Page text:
Estrada, who turned 79 last month, humbled himself when compared with the incoming 16th president of the country. “He is a lawyer and became a fiscal later. I am just a college dropout and an actor,” Estrada quipped in his usual self-deprecating joke.

Another parallelism of the two mayors who became president is that the same politicians jumping over to Duterte’s PDP-Laban were the same ones who coalesced with Estrada’s Pwersa Ng Masang Pilipino.

Also, even before Duterte offered Cabinet posts to communists groups, Estrada did it during his shortened presidency.

Former rebel priest Edicio de la Torre was appointed as Technical Education Skills Development Authority (TESDA) director-general. Estrada also appointed known left-leaning leaders like the late Department of Agrarian Reform (DAR) secretary Horacio Morales; his late presidential spokesperson Jerry Barican who was a student activist during the martial law regime, and activist Karina David as head of the Housing and Urban Development Coordinating Council.

It was believed that Duterte decided to run for president at the last minute after it became clear that Estrada was not among those running. Estrada’s former political affairs adviser Lito Banayo, who was shuttling to and fro the camp of Duterte, sort of acted as the “spy” to make sure of this. 

  While the two leaders may have almost similar paths in politics, Estrada said Duterte “is only the second mayor to become president of this country.” He was obviously alluding to himself as the first mayor who rose to become the 13th president of the country.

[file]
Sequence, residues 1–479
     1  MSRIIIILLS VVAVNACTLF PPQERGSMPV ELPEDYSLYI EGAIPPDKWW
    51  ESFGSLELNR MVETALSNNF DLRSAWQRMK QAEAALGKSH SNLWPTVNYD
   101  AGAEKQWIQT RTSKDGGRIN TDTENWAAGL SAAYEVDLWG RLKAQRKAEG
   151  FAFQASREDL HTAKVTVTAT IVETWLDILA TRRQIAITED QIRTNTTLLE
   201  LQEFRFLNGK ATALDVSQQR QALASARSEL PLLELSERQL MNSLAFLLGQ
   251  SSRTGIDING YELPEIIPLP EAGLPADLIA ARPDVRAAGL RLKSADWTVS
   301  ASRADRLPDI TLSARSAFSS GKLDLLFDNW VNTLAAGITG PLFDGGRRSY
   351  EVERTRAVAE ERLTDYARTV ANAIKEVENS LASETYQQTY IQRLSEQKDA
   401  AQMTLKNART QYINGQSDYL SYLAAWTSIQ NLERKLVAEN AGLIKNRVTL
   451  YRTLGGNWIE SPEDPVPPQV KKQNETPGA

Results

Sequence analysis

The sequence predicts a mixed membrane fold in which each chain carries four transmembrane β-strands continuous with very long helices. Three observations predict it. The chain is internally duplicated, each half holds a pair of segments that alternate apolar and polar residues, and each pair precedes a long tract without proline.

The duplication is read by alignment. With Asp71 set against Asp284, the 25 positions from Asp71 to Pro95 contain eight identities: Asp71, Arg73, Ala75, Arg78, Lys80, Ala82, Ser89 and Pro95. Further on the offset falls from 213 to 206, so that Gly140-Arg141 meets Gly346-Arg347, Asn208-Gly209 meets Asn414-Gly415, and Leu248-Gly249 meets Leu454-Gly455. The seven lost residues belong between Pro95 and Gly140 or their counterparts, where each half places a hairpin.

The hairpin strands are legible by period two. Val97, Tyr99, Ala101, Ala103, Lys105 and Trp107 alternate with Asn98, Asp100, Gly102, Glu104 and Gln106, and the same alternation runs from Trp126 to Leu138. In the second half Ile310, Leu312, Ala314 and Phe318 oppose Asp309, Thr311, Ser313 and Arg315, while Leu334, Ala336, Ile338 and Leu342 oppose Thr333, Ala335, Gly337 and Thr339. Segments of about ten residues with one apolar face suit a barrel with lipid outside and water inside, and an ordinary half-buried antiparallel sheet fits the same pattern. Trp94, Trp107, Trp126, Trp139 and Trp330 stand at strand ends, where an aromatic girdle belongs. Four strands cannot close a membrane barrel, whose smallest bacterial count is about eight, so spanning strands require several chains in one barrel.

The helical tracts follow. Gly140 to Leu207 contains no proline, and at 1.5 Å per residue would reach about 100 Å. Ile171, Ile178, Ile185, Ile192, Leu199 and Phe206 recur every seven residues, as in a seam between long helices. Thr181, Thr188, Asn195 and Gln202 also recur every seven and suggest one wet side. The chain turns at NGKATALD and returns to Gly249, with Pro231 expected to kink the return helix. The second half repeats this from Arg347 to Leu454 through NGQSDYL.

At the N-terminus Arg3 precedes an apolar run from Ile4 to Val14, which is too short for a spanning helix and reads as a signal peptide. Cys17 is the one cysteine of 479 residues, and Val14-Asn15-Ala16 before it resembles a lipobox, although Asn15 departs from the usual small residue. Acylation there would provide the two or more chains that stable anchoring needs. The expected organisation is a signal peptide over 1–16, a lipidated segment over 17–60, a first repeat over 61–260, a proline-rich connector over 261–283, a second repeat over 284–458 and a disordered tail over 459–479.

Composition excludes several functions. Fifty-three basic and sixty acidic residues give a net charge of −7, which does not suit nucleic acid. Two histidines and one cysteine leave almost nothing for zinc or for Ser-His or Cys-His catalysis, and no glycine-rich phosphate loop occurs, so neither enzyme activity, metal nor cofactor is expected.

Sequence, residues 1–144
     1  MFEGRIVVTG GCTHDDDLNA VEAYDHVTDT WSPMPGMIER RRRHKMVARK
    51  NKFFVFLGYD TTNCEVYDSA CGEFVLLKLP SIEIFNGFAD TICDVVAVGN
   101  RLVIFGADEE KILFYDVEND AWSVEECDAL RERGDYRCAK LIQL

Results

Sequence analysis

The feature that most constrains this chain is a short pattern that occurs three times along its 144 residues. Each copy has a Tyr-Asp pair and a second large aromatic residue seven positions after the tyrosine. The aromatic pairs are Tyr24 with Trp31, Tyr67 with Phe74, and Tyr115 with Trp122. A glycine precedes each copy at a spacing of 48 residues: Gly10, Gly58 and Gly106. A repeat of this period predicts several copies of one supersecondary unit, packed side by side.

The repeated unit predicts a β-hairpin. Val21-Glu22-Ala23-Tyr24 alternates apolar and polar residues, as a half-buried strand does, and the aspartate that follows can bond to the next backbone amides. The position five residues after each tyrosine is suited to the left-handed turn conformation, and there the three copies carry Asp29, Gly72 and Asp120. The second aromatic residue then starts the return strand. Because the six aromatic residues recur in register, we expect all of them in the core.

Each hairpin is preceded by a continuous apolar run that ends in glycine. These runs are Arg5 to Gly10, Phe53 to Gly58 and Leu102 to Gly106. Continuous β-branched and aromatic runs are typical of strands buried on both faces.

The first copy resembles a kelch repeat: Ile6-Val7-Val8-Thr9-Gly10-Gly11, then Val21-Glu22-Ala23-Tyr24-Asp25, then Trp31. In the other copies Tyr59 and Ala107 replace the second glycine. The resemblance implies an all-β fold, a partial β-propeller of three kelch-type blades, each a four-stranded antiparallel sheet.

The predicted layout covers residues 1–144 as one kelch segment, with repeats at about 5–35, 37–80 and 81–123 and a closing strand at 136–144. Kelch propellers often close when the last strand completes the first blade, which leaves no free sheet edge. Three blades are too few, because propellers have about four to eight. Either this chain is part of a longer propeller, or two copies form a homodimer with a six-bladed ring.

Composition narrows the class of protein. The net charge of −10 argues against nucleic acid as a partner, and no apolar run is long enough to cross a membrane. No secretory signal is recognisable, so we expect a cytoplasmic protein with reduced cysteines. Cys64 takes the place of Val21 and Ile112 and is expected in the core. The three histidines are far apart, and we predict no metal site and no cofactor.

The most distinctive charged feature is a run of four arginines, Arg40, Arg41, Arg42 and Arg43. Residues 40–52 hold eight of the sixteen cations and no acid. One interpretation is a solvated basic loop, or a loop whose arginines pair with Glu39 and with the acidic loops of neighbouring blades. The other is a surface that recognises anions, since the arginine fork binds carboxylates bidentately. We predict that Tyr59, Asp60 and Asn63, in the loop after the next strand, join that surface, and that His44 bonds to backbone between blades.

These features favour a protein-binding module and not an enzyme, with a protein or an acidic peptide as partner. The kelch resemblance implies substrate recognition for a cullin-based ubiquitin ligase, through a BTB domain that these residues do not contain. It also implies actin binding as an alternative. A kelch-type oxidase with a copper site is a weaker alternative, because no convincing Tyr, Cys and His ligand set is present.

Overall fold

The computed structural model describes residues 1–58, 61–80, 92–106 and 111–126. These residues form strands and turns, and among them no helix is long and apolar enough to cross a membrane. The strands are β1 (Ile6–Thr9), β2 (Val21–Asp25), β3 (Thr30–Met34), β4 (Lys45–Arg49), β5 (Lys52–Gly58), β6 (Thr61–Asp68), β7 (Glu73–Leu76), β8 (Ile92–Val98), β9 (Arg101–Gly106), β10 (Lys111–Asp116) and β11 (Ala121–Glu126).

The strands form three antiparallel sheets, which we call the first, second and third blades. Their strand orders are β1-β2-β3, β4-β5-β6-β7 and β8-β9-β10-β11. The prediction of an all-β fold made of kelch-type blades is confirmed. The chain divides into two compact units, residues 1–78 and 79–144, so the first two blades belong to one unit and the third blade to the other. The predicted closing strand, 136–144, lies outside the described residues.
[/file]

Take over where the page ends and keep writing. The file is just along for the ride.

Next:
After I posted Estrada’s quote at my personal Twitter account that day, his brag was short-lived with a correction posted by the “resident historian” at Malacañang Palace, undersecretary Manuel Quezon III, head of the presidential communication development and strategic planning office.

“The third. Emilio Aguinaldo was a mayor, too,” he pointed out.

I went back to my history books to check about this little known fact about the first president of the republic. Indeed, Aguinaldo was in August 1896, the mayor of Cavite Viejo – the present-day Kawit.

Now we know the other reason why the young Estrada was kicked out from Ateneo.

Levity aside, Estrada agreed with media observations that he and Duterte have a lot of common views on how to push the country forward. Having the same background as local chief executives, Estrada vowed to support the peace and order initiatives of Duterte.

“Let’s give him (Duterte) a chance,” Estrada urged even as he supported goddaughter Grace Poe for president.

Hopefully this redux of the Estrada presidency ends with the common style of governance with equally tough-talking president-elect Duterte. Redux comes from the Latin verb reducere, meaning “to lead back,” and can mean “brought back,” or “bringing back.”

This early, Duterte’s arch political enemy, losing vice presidential candidate Sen. Antonio Trillanes IV threatened to initiate impeachment against the incoming president. Incidentally, Trillanes slipped out last Wednesday for unknown destination abroad. Redux?